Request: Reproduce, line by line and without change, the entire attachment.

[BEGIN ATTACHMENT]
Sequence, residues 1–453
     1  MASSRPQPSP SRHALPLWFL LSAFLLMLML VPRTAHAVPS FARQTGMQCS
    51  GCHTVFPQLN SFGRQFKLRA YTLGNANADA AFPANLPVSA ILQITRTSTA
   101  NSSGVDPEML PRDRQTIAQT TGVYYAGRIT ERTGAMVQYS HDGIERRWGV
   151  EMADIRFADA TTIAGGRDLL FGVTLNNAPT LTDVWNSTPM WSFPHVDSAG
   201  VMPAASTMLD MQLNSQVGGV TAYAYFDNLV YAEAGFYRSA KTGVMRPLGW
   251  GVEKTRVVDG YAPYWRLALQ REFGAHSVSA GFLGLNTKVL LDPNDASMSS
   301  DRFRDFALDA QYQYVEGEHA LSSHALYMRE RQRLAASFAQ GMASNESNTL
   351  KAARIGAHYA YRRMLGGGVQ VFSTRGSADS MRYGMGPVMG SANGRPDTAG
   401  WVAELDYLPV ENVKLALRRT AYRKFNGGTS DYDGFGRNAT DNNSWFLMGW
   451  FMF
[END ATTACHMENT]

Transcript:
Sequence, residues 1–453
     1  MASSRPQPSP SRHALPLWFL LSAFLLMLML VPRTAHAVPS FARQTGMQCS
    51  GCHTVFPQLN SFGRQFKLRA YTLGNANADA AFPANLPVSA ILQITRTSTA
   101  NSSGVDPEML PRDRQTIAQT TGVYYAGRIT ERTGAMVQYS HDGIERRWGV
   151  EMADIRFADA TTIAGGRDLL FGVTLNNAPT LTDVWNSTPM WSFPHVDSAG
   201  VMPAASTMLD MQLNSQVGGV TAYAYFDNLV YAEAGFYRSA KTGVMRPLGW
   251  GVEKTRVVDG YAPYWRLALQ REFGAHSVSA GFLGLNTKVL LDPNDASMSS
   301  DRFRDFALDA QYQYVEGEHA LSSHALYMRE RQRLAASFAQ GMASNESNTL
   351  KAARIGAHYA YRRMLGGGVQ VFSTRGSADS MRYGMGPVMG SANGRPDTAG
   401  WVAELDYLPV ENVKLALRRT AYRKFNGGTS DYDGFGRNAT DNNSWFLMGW
   451  FMF